Ari Siletz

Bahmani, Amirparviz

by Ari Siletz on

Bahmani: I'm not qualified to diagnose bipolar disorder. In ordinary interactions with Dr. Parsi I sense a normal temperament. For example, in the process of writing this article, I contacted him with some questions to clarify points about his book and he seemed open to criticism, with a healthy inclination to debate the points he disagreed with. One point that I could debate with you regarding NIAC is that the main obstacle in the way of greater success for NIAC is the mindset of the Iranian community, and not so much the easily correctible missed turns that Dr. Parsi may have taken.

Amirparviz: Human rights progress has historically caught its rides on the back of interest driven issues. As a couple of examples one can cite the rise of labor union power in capitalist systems while there was competition from Communism, and Black civil righs advances because the U.S. realized a racist nation cannot have global respect. Of course there's always a need for people and institutions to advocate human rights, but it is only at critical moments in "interest politics" that these voices are found useful and progress is made. Realizing this, some "antellectual patsy" human rights advocates are more cynical than even you--except their informed and action-orieneted cynicism lends itself to strategizing and knowing where the opportunities are. 



Ari, Human Rights and Democracy is just PR to fool patsys

by amirparvizforsecularmonarchy on

If that is the only point one can come up with in support of his work, then really the book is going to be a dissappointment.  The USA & allies disingenuously preach human rights and democracy though they are all complicit in mass torture, when they are not busy torturing people, they are busy supporting and protecting certain groups of extremist torturers, who wish for religion to be in government.  Just look at how profitable the clash of civilizations business is for the USA and her allies, on a whim, at a time of her choosing, she can push the military manufacturing button, take Syria, where the USA is supporting tens of thousands of non syrian extremists in jordon and turkey, all the money is being pulled out of the pocket of the sunni saudi's, kuwaiti's, qattari and any sunni dictatorship that has oil money, in order to increase their influence and control over mostly sunni syria.  Whether they win or lose is not an issue, weapons sales, paid for by sunni's in the hope of increasing their influence is profitable for the USA regardless of whether the US's extremist side wins.  And this is presented as the pursuit of freedom and democracy.  In Libya mass tortures have not stopped since NATO knocked out the govt and supported extremists there.  Whether trita mentions the human rights/democracy card is irrelevant, that manipulation is the very foundation of US policy, the opposite is the true aims as any child can see.   The human rights of Iranians is the victim of the US creation and support for extremists in Iran. You got dunces who after 33 years on this site that can't figure out the late shah was not a dictator, nor did savak use torture as part of its procedure/nor was it wide spread.  So instead of praising the Shah for improving human rights of iranians our 4 legged professors here use time, fox, cnn and every other US outlet to help them "think", & we are suprised at the number of Antellectuals we have.  With Democrats and Human Rights supporters like this, Iran is screwed with or without Trita.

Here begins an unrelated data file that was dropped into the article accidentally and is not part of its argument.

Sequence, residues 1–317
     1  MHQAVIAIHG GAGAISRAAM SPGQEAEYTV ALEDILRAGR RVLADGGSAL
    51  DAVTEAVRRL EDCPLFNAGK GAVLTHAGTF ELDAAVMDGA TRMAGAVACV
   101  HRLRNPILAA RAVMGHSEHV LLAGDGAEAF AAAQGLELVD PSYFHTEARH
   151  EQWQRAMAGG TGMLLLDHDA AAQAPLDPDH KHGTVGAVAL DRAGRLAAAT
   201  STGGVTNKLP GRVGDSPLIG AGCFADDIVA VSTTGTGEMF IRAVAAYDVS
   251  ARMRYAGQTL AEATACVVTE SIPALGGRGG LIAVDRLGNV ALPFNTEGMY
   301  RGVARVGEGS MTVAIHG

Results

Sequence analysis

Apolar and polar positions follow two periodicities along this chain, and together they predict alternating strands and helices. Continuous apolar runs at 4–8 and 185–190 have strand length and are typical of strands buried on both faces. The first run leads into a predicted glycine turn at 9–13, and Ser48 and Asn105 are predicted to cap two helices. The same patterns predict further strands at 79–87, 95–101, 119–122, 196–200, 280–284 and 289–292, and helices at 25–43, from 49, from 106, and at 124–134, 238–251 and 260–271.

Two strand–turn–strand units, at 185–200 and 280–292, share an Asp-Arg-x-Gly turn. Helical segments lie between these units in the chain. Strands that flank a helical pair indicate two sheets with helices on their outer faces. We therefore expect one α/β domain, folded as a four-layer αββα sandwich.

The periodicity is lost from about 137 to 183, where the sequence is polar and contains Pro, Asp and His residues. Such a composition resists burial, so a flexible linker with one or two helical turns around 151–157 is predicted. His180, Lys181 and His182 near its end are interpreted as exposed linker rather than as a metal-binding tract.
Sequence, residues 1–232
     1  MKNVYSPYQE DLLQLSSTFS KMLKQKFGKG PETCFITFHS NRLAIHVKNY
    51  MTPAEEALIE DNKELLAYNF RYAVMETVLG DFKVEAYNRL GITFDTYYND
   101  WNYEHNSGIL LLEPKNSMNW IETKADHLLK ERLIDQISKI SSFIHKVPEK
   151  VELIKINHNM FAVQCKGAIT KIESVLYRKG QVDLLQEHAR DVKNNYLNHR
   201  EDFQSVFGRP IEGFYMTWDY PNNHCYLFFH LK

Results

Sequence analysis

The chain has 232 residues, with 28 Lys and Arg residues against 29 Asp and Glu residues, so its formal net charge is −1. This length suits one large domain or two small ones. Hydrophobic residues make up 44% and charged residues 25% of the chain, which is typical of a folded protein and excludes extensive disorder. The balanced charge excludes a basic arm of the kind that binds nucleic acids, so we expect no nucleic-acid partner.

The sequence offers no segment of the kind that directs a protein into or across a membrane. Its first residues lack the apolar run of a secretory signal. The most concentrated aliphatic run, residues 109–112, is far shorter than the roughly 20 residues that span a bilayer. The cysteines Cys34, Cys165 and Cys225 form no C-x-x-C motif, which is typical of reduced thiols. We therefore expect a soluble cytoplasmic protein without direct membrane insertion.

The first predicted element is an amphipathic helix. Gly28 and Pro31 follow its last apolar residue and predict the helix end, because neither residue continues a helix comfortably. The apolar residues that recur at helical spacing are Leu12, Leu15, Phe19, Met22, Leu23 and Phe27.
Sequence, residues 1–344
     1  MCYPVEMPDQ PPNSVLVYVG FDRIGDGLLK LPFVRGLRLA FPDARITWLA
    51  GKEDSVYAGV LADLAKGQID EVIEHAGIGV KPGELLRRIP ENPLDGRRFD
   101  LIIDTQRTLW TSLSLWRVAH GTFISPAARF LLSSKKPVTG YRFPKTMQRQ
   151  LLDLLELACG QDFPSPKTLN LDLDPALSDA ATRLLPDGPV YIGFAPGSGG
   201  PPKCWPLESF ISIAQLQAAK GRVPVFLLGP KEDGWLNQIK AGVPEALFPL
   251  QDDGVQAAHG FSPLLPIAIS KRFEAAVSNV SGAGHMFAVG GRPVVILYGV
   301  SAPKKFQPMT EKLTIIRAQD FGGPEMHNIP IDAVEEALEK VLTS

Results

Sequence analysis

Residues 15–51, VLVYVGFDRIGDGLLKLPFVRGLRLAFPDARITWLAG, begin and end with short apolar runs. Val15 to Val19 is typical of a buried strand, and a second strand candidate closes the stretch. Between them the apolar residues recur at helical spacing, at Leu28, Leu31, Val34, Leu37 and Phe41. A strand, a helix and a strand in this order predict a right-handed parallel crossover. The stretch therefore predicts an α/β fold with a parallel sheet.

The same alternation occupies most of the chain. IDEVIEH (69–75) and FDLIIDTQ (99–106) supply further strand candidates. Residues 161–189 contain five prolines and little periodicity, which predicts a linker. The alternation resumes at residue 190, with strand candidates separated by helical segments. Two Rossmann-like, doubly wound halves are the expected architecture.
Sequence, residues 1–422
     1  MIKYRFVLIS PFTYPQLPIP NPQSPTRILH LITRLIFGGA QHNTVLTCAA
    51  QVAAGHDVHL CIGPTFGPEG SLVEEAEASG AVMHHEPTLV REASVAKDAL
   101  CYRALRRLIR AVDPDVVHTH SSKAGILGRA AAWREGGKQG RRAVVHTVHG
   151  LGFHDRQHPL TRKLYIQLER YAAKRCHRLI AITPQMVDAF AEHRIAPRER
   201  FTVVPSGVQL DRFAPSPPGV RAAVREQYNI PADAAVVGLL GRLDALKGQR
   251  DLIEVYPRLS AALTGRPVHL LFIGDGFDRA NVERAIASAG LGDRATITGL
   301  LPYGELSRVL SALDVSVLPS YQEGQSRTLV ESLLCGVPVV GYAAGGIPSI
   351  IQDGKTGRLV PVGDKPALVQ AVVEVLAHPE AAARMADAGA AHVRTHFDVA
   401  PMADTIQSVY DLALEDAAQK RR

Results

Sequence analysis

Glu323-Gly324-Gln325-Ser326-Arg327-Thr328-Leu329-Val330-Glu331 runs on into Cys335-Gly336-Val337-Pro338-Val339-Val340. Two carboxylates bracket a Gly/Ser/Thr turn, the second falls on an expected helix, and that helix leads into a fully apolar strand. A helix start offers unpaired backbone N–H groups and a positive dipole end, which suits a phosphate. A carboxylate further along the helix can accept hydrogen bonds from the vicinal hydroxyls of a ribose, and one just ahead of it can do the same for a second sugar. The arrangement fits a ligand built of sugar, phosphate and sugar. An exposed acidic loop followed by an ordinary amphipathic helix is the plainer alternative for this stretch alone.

Trita's Book is as Bi-Polar as He is.

by bahmani on

Thanks for a well balanced review of the book. I had the same reaction. Clearly as much of the Kool-Aid as you and I have drunk, we're still not convinced.

I used to care about it, but after trying to help and getting no where I gave up. Now I call it what it is, a sad case of manic depressive disorder manifested into an organization and one tiny body. One day high, one day low. Really high, to really low.

The primary reason for Trita's loyal friends and staunch foes is entirely his own doing. He's been counseled by the best not to do it, yet continues. Just like and as if he refuses to take his Prozac or eat more Saffron.

You cannot defend and attack at the same time. That's just plain crazy. Or the kind of behavior that defines bi-polar.

The real elephant in the room though, that even you have not spoken about but must be thinking, is that the cruise ship TRITANIAC has no rudder, no captain, no course, no destination, and thankfully few passengers. As a result, when it eventually sinks everyone will go, "Good" and move on. The only question is when.

Because neither is NIAC or Trita an Iranian government lobby, nor is it an Iran-American community advocate. Because if it is, it is certainly a most inept one.

No, NIAC and Trita are nothing more than just your average 3-man Iranian idea/startup/website that "wants to be".

You know, just like I "want to be" the captain of Iran's national soccer team.

Actually I would rather be captain of Esteghlal.

Because in America, Iranians apparently think that they can actually be whatever they want to be, as opposed to what they are cut out for.

Iranians in America have taken the "American Dream" seriously, and don't seem to get that like everything in the US, it is merely the tag line of a massive advertising campaign.

Because like any oppressed and damaged people, Iranians always believe in and trust the word of "government". No matter how many times it lets them down.